How Your Genes Affect The Vagus Nerve And Stress Response | Nutrition Genome

Have you ever wondered why a deep breath can relax your body? You can thank your vagus nerve. Deep breathing is one of the most effective ways to calm the stress response, yet it is something we consistently forget to incorporate.

The activity of the vagus nerve affects mood, immune response, heart rate, blood pressure, insulin release, and digestion, as well as reflexes like coughing, sneezing, swallowing, and vomiting.

Vagal dysfunction has been connected to a higher response to stress, OCD, IBS, inflammatory bowel disease, gastroparesis, poor detoxification, gut dysbiosis, leaky gut, bloating, SIBO, trouble swallowing, low stomach acid, and difficulty speaking or loss of voice.

The vagus nerve is the main component of the parasympathetic nervous system and is one of the most influential nerves in the body. It is called the “information super-highway” because you can’t discuss the brain-gut connection without including the vagus nerve. It enervates multiple organs including the lungs, heart, liver, stomach, spleen, thymus, ovaries, and temporal lobe of the brain.

The genes connected to the vagus nerve can help you understand how your perception of and response to stress may be affecting your gut, immune function, mood, and behavior, and what recommendations can help improve vagus nerve function for a better mood, digestive system, and immune response.

Genes: 5-HT2A, BDNF, PEMT, and FUT2

Report Section: Neurotransmitters and Mental Health (5-HT2A, BDNF, and PEMT) and Digestion (FUT2) section of the Nutrition Genome Report.

Ancestral Backstory

The fight or flight response in humans evolved for survival in the most dangerous circumstances that literally meant life or death. The dilation of the pupils, rush of adrenaline, and surge in strength and speed was needed to live another day.

Within each community, genetic strengths were diversified to help prevent or meet these threats. In our COMT article, we discussed the difference in baseline dopamine and adrenaline levels, and how the Warrior, Worrier, or Hybrid genotype emerged.

Another layer of this response is how we perceive a threat or what is considered stressful. You may have noticed that within your relationships, there are different perceptions of what is considered stressful, or whether an event is something to be worried about or not. There is actually a genetic and epigenetic basis for this based on certain genetic variants and the trauma of life events. As a community, diverse responses may have evolved to help better assess a situation from multiple viewpoints for more confident conclusions and a higher chance of survival.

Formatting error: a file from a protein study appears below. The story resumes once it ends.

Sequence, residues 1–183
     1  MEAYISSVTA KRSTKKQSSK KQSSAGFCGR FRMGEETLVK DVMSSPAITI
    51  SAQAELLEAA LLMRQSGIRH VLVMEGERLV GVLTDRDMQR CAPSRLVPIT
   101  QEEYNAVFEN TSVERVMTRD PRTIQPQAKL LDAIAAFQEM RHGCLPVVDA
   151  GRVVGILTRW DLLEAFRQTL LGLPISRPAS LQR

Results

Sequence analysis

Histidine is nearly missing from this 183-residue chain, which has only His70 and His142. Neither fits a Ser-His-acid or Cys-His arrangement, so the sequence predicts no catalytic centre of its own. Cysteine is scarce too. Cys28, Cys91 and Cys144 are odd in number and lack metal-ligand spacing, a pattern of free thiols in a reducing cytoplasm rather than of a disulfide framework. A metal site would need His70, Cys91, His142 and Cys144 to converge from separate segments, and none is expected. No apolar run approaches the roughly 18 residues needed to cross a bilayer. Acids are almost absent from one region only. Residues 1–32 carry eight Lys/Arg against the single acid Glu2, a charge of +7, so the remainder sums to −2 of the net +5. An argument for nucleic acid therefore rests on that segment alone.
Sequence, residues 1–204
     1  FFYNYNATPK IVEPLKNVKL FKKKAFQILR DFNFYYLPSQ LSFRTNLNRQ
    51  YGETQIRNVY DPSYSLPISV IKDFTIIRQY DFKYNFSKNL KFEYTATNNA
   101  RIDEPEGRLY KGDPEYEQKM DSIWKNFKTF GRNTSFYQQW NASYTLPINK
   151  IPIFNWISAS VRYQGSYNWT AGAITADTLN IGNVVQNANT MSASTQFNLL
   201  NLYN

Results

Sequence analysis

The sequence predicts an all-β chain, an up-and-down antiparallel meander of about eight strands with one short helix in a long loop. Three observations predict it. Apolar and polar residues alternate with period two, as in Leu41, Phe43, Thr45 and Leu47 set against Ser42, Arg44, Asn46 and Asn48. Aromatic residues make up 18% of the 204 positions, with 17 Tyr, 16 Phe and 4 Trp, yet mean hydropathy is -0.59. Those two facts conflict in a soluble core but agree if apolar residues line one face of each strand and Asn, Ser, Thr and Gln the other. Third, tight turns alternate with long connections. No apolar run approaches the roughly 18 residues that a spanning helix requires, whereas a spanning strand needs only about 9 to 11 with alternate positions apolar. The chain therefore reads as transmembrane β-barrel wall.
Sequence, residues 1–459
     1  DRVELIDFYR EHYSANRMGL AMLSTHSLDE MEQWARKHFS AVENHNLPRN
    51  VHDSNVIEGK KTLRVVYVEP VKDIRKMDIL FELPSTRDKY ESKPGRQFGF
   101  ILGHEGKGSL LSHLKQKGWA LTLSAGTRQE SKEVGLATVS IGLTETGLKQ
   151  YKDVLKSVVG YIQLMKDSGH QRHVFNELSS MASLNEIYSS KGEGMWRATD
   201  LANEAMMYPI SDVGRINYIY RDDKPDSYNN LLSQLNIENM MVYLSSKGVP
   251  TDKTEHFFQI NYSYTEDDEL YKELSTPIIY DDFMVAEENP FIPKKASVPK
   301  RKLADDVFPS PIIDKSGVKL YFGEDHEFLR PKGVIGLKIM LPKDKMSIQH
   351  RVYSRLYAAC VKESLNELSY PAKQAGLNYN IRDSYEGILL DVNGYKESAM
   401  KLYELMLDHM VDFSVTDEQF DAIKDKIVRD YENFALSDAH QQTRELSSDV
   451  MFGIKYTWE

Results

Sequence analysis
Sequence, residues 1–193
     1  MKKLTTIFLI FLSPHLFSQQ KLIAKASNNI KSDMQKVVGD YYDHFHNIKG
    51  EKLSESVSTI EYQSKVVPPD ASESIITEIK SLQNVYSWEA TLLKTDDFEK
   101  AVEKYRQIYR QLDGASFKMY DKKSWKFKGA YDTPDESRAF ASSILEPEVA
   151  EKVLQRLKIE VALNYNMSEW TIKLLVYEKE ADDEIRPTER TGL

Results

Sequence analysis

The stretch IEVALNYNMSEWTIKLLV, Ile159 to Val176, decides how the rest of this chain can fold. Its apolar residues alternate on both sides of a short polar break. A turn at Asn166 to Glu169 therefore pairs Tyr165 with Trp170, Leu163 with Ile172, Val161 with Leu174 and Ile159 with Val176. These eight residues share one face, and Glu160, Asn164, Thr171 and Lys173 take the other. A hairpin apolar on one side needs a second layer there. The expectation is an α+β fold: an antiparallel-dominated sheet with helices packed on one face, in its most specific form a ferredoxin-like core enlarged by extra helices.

It has been hypothesized that variants in the 5-HT2A gene may influence resting vagal activity among individuals, and those with the variants are more susceptible to chronically high levels of perceived stress. While our ancestors focused only on the immediate environment for stress, modern living opens up the entire world to access the potential of experiencing stressful events through the news and social media. Having variants in 5-HT2A could make reactions to these stressors higher, more frequent, and affect your mood, digestion, and immune system.

The Vagus Nerve, Stress and Mood

There are many philosophical strategies that have been used for thousands of years to help humans change their perception of stress. Utilizing strategies to change the perception of stressful events helps prevent the activation of 5-HT2A that leads to lower vagal tone.

One of the most well-known principles of Stoicism is that there are things we can control and things we can’t control. Our job is to focus only on what we can control, which helps eliminate the stress and anxiety that builds from what we can’t control. Obsessive and compulsive behavior has its roots in wanting to control the environment as much as possible due to the anxiety of the unknown and has been linked to childhood or adolescent trauma and PTSD. A heightened stress response is a trigger for these changes in behavior.